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FIVE FOR FRIDAY: READY FOR THE SHOW?!?

February 25, 2011  |  Five for Friday
Five for Friday: Ready for the Show?!?

Five for Friday, written by a variety of MoMA staff members, is our attempt to spotlight some of the compelling, charming, and downright curious works in the Museum’s rich collection.

The works have been selected. Handlers contracted. Opening parties and after-parties and after-after-parties arranged. It’s almost time for the cultural glitterati to come together and salute each other’s art (and, just as important, artful outfits). Yes, the Armory Show is nearly upon us!

Okay, so there are no gold statues, and no Angelina Jolie, but the Armory Show’s still a pretty big deal around these parts. New York’s foremost art fair has been held annually since 1999, but it has its roots in a show that happened almost a century ago, the Armory Show of 1913. If you took any sort of a modern art class in college, you know all about it: the show that alternately scandalized and sparked imaginations, introducing Americans to some of the most important art and artists of the modern period. (Physics and econ majors, don’t fret: the University of Virginia has a great site with a virtual tour.) Since so many of these works are now widely acclaimed as masterpieces, it’s hard to imagine how revolutionary this art looked at the time (or how reviled; Teddy Roosevelt reportedly declared, “That’s not art!”). But they’re still pretty wonderful to look at. So here, for a rainy Friday, is a look at five works in MoMA’s collection that appeared in the 1913 show (the actual works, or versions thereof).

1. Henri Matisse. The Red Studio. 1911
“Where I got the color red—to be sure, I just don’t know,” Matisse once remarked. Matisse had 12 works in the original Armory Show, and it’s clear the world wasn’t quiiiiite ready for some of them—when the exhibition traveled to Boston and Chicago following its New York run, students burned effigies of the artist’s Blue Nude: Memory of Biskra and Le Luxe II. Aw, Matisse! Don’t worry, this story turns out fine for you in the end.

2. Henri de Toulouse-Lautrec. Divan Japonais. 1893
Before it was a poster in college dorms across the country, Divan Japonais was…okay, it was a poster. Édouard Fournier, owner of the titular Parisian cabaret, enlisted Toulouse-Lautrec to create an advertisement for the opening of his nightclub; the artist delivered this stylish, Japanese-inspired composition, with a nice shout-out to Fournier in the lower-left corner.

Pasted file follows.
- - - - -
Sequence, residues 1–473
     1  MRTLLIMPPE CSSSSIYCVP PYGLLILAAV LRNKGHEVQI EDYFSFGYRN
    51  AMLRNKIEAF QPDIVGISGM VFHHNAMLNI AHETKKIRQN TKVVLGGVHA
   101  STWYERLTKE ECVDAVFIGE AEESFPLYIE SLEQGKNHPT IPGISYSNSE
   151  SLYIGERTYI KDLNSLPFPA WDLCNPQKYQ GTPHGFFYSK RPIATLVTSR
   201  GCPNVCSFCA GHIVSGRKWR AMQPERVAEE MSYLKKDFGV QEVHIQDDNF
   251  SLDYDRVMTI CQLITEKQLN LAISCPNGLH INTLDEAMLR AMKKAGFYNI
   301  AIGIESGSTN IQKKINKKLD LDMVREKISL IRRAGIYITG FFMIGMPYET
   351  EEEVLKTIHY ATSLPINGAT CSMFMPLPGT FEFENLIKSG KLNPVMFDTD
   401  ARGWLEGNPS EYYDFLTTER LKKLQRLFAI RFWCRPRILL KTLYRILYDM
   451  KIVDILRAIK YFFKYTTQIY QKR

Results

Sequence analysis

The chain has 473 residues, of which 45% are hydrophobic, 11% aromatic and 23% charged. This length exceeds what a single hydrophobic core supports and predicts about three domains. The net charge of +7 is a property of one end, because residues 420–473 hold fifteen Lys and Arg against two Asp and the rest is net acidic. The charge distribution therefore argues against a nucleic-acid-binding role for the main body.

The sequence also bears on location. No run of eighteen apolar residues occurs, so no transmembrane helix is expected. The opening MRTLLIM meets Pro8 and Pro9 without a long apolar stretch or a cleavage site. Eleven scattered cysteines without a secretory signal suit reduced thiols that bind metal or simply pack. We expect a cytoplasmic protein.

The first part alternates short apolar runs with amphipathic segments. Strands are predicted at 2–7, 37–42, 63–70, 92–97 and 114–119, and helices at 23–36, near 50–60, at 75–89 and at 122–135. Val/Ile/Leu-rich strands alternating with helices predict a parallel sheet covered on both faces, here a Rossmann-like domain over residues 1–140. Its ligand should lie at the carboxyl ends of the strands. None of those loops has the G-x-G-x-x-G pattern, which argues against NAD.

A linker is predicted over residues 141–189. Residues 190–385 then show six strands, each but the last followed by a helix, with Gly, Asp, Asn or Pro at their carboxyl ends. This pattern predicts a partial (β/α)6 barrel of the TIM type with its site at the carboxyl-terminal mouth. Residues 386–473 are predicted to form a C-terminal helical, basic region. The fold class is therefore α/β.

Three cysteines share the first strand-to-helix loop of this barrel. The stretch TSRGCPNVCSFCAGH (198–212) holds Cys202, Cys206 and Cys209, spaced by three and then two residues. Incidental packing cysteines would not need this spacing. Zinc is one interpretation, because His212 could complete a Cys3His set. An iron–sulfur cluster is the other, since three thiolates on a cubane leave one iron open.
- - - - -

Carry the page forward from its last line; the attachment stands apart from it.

3. Odilon Redon. Roger and Angelica. c. 1910
Redon created this dreamy pastel late in his career, when he departed from his delightfully oddball noirs and embraced lush and expressive color. Though the composition is influenced by 19th-century Romanticism, it draws on decidedly older subject matter—specifically, a scene from the 16th-century romance Orlando Furioso, in which the knight Roger appears on his fiery steed to save the maiden Angelica. Rawr!


4. Édouard Vuillard. The Game of Checkers, from Landscapes and Interiors. 1899. One from a portfolio of 12 lithographs. MoMA. Gift of Abby Aldrich Rockefeller. © 2011 Artists Rights Society (ARS), New York/ADAGP, Paris
Like many artists of the Nabi group—and many of the artists featured at the 1913 Armory Show—Vuillard was inspired by flat color and domestic focus of Japanese ukiyo-e prints.


5. Edvard Munch. Madonna. 1895–1902
I guess it’s not too hard to imagine what about this composition might have rattled the art world establishment—Munch’s Madonna, lost in reverie, is surrounded by a frame featuring distinctly sperm-like squiggles and a rather anemic-looking fetus. This work was originally conceived (poor word choice, I know) as part of the artist’s Frieze of Life series of paintings, which focused on the elemental themes of love, sex, death, melancholy, and fear.


Inspired yet? Get thee over to Piers 92 and 94 starting March 3 to discover the Matisse or Munch of 2090!

Comments

Just wonderful paintings—

curious question: in “great american nude 2, 1961 (tom wesselmann) what/who is portrait of? (next to landscape)

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